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Well, exept for being quite a fun thing to watch, it also should work as a great Physics problem for someone like me (or a bit younger)-studying all sorts of Mechanics and Newton's Laws to work on... The task is to estimate the acceleration the motorcycle should have to do it, and whether it's significantly larger than the one stated in some technical data (there is the motorcycle model somewhere in the video's name).
If you have a go on it and are a) school-aged and b) not sure you are right, PM me. If you simply want to share your results and/or opinion, write here (but try not to put any solution-I mean formulas).

In case the video doesn't work
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It wouldn't be possible as offered at any acceleration. The objects would make some movement and fall.

I think they are on a transparent plastic sheet and the cloth is underneath the plastic sheet. The object may or may not be glues to the sheet.

BUT it's not real even if the bike could do light speed.

Do you mean that an old party trick of pulling out a piece of paper from under a full glass is impossible?

No BUT there is a BIG difference between a glass or even a small table and a long table full of crockery etc!

I'll actually have a go at this.
If the pull is fast enough inertia keeps things in much the same place.
But for a long pull the fabric of the cloth makes a difference, and ideally you'd have it pre-tensioned. You also wouldn't want the cloth to tear...
Have you done any research, or is this the point of the topic?

L

Actually, if Kiteman hadn't been so sarcastic, I'd have told him that this task, as long with many other rather-hard-high-school-ones were in a sort of school Physics not-exactly-competition, and there is a site, with lots of other fun things, but unfortunately it's in Russian...

Yes, I had a go on it, but somehow switched to calculating the speed a row of dominoes falls with, which is also a fun task, but somehow not so shiny and inviting as the motorcycle.

Some boys (and mine is an almost entirely boys' school) went a stupid way of estimating the acceleration by considering it constant, estimating the length of the table by comparing it to a normal person standing behind it and measuring the time... We also had a problem with friction between the cloth and SHAKING crockery.

I think this could be tried with steel-sheet, i.e. the rolls used for food-cans. The tether-point on the bike should be low.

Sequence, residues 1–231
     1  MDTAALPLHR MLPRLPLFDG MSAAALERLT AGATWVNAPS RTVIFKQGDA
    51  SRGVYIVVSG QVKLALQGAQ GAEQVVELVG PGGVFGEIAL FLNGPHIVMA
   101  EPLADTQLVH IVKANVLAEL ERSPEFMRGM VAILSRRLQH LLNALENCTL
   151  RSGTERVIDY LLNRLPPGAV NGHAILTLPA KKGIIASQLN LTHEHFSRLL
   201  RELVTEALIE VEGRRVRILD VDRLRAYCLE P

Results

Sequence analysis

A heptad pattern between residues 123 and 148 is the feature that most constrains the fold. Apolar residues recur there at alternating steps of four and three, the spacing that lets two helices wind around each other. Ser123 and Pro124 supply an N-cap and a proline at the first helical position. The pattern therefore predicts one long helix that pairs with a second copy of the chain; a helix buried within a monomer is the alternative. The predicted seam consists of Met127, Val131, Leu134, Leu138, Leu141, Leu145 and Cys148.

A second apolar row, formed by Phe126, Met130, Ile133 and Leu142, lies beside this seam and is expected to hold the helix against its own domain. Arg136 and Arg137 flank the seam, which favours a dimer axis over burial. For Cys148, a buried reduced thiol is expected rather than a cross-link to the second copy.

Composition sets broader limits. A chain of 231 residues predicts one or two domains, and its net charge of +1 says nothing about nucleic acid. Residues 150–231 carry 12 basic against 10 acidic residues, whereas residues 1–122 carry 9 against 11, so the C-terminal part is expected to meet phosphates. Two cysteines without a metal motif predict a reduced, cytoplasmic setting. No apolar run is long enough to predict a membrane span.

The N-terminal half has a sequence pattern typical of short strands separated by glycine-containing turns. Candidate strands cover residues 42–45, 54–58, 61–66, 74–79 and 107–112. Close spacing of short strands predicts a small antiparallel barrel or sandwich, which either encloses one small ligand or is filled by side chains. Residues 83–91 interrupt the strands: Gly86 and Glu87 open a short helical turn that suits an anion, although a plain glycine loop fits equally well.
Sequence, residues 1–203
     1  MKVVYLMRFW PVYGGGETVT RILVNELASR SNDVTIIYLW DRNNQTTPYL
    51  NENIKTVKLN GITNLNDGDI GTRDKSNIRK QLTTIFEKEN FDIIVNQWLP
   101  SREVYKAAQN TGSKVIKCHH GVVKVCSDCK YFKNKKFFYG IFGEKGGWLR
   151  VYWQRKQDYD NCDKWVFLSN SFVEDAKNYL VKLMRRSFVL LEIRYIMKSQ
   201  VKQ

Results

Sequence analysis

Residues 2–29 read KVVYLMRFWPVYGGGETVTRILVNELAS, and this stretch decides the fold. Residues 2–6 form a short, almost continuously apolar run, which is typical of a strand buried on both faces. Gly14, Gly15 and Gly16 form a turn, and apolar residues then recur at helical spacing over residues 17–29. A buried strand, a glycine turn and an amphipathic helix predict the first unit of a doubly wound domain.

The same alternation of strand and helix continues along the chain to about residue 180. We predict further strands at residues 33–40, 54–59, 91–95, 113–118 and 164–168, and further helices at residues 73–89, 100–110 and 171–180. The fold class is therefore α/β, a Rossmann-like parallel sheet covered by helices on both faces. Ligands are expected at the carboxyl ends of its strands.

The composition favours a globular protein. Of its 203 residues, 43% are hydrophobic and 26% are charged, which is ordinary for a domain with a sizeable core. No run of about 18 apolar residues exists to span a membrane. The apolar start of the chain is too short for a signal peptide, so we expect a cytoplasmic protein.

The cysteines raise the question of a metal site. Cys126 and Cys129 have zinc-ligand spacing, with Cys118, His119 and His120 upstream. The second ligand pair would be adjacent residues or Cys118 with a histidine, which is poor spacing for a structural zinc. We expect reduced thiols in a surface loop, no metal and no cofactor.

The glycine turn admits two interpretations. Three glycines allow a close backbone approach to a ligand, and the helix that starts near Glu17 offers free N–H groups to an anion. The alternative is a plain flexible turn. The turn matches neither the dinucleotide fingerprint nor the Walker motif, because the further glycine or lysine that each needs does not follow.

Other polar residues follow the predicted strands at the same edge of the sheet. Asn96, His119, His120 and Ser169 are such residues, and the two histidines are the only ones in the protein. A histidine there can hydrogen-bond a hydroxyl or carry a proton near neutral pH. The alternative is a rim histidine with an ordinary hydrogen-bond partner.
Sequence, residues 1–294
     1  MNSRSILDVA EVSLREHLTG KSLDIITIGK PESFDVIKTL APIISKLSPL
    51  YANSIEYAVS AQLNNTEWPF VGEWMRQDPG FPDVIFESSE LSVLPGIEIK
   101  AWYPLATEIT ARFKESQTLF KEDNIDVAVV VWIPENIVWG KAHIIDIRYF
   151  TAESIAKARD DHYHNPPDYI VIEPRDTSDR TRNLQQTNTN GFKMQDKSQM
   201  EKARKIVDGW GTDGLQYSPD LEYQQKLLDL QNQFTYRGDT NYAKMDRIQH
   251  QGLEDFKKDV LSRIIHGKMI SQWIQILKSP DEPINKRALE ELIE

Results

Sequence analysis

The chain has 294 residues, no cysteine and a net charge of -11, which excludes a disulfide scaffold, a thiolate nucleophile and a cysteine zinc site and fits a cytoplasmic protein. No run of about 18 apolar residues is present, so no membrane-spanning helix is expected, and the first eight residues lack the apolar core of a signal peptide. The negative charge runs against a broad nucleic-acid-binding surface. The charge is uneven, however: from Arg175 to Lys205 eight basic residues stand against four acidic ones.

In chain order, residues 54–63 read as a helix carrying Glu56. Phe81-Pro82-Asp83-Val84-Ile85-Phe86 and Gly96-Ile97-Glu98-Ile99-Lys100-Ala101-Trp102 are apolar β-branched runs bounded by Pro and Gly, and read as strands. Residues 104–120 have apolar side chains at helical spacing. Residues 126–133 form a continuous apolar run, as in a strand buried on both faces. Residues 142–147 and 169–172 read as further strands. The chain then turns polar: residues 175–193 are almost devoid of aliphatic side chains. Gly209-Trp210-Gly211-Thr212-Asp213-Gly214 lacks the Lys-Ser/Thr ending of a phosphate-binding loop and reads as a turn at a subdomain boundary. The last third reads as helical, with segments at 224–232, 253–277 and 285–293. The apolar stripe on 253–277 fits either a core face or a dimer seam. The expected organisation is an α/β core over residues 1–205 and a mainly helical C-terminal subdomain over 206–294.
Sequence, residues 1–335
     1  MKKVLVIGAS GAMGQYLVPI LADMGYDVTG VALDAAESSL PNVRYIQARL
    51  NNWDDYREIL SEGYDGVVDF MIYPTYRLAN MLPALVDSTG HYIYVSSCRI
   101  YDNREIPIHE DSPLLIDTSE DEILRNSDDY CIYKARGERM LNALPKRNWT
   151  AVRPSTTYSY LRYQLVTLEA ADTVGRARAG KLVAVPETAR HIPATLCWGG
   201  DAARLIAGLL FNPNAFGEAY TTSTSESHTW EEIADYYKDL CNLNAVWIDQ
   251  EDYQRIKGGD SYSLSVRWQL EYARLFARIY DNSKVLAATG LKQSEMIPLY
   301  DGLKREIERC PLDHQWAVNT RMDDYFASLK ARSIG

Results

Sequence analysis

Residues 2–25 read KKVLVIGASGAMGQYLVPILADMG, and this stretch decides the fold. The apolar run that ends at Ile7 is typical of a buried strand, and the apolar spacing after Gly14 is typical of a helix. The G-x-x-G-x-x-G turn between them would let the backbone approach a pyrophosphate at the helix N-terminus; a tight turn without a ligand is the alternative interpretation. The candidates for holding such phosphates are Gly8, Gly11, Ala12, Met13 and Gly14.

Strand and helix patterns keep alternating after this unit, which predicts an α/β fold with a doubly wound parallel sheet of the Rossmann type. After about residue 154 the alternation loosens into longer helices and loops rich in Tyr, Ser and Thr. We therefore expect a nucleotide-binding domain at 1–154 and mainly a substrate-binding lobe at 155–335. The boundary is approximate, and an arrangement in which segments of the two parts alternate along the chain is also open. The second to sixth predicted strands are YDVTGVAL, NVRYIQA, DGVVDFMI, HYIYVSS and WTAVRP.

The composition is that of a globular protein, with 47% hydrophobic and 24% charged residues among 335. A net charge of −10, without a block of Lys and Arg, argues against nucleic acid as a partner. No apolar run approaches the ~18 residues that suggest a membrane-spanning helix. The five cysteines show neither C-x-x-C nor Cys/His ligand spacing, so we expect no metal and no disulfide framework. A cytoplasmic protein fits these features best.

L

Firstly, you can see that all the stuff on the table is fixed together in one piece (watch the way it moves as it is lifted off the table by the cloth.

Secondly, Look at the way the stuff on the table is lifted as the bike drives away - it *has* to be glued together, or that lifting would make the stuff fall off.

MythBusters had a go at this, and found that it required a much greater run-up (ie a far greater length of rope), and even then most of the crockery and ornaments fell over.

I haven't seen the mythbusters in question but when pulling a sheet from under crockery on a small table the technique is not to pull it away horizontally but pull it down against the edge of the table - at least that's what the literature says.

I may experiment with this and find out...

Actually, the point is not to tell 'it is total rubbish because...', but to calculate the percentage of rubbishness as needed acceleration /actual acceleration.
it isn't too easy, because even if you know all the frictions, you should be very cautious of the long table and separate pieces with high centres of gravity.
It isn't as easy as pull a plate from under a brick of so-and-so masses and frictions and calculate the dx(t) and dx/dt (t) or x''(t)-whatever...

You said *no* formulae!

Sorry. I was wrong. By 'no formulaE' I meant I've just spent two whole days suffering from people, who prefer to cover a blackboard (YES WE STILL HAVE CHALK GREENBOARDS) with something terrible, which includes thousands of Latin letters, to saying 'I wrote the energy conservation law and got THIS', although I BELIEVE he can manage to do a bit (LARGE BIT) of Algebra.

By the way, x"(t) is not a formula, but a way to write 'how acceleration changes with time' exactly 6 times shorter.